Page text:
> > simply more cost effective. i believe the ESS 5 phone switch uses the
> > x86 architecture for its control store.
> > i think IBM is counting on people thinking of IBM when they think of
> > linux applications. which is great for them because linux, for better
> > or worse, is so far the hot buzzword of the late 90's/early 00's.
> > i have a feeling this is going to be a high volume thread. ;-)
> Probably. I disagree with some of your points, and agree with some.
> IBM is in some ways the cream of the crop when it comes to many of its
> businesses. Sure it may not be the cheapest, but you do get much bang
> for the buck in IBM's quality. If you look at why IBM is going
> away(well now its more went away) from the OS business its more
> because it allows them to focus on areas of business that make them
> money, and gives many of the problems(and the assorted support
> structures they were forced to hold to maintain their quality) to
> their competitors. Funding linux gives them several things. It gives
> them a say in how Linux evolves. It gives them a sense of
> "morality"(not sure that is the proper word) in marketing.They can now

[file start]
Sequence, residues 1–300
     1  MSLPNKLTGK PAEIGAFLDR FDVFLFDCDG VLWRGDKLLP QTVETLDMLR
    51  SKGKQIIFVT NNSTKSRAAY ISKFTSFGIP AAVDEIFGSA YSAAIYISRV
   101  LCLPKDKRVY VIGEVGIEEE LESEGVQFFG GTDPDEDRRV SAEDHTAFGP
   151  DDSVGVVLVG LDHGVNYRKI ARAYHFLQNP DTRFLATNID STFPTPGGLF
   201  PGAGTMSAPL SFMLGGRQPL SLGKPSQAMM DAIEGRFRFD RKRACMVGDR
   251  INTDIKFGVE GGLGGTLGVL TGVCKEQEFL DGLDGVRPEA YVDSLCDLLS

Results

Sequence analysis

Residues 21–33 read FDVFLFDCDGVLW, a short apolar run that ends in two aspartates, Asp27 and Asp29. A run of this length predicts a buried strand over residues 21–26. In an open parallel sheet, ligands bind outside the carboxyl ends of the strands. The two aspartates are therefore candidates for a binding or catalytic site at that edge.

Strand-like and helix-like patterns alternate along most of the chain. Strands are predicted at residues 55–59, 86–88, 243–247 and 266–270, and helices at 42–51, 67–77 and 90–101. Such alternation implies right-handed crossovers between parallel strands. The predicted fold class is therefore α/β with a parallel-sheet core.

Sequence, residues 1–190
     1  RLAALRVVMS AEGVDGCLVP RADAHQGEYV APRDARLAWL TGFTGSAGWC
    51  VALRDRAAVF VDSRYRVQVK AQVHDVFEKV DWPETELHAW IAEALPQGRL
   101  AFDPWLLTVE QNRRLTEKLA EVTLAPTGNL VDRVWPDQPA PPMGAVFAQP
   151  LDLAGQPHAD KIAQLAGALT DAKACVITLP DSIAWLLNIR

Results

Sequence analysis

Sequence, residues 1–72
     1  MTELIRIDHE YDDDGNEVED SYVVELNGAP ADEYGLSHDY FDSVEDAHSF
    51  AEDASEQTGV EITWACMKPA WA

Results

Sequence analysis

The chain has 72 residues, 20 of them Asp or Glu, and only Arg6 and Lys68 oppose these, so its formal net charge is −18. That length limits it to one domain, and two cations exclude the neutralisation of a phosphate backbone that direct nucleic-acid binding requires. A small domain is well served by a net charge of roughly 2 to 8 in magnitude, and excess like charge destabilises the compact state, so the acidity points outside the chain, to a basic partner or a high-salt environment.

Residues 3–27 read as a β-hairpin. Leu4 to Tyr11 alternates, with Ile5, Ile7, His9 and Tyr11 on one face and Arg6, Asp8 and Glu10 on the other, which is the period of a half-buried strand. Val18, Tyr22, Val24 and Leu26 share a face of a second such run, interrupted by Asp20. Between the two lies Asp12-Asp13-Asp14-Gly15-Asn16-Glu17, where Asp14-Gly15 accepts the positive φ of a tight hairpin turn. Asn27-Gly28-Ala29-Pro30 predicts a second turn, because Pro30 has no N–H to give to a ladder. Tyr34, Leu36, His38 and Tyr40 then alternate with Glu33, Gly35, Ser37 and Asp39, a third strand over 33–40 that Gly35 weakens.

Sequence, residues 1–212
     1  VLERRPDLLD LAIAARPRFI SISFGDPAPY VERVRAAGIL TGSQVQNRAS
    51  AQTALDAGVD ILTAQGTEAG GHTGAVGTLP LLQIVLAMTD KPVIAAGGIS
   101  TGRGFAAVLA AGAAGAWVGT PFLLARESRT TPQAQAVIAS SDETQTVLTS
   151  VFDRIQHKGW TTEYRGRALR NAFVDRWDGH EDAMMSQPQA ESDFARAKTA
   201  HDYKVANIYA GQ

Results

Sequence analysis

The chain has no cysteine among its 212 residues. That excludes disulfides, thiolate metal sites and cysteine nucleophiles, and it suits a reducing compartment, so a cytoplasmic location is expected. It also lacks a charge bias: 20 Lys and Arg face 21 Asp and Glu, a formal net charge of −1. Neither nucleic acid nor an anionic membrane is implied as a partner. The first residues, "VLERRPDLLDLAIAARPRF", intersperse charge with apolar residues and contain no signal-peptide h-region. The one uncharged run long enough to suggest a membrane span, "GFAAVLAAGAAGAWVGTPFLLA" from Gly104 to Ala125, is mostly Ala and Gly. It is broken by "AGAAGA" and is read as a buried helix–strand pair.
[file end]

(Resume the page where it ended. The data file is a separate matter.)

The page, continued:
> say, we're IBM, and we support the little guy(linux) vs MS(although,
> IBM is still in bed with MS as well.) I don't see IBM as driftless
> and leaderless.I see them as smart and focused.
what exactly was IBM's killer product in the mid 90's? nobody used
typewriters. nobody really used OS/2. other companies that provided
cheaper PC's were flourishing because the average person was less
knowledgable about what "quality components" meant. the only thing i
can think of is the high end mini and mainframe market. but by the mid
90's, even that was out of vogue, and can't support a company with such
a big overhead (as you point out).
i can't think of anything that you could point to and say "IBM is king
of this market" in the mid 90's. i think they see linux as providing
them with the opportunity to have a "killer product" again.
i agree with your other reasons why they're behind linux, but i think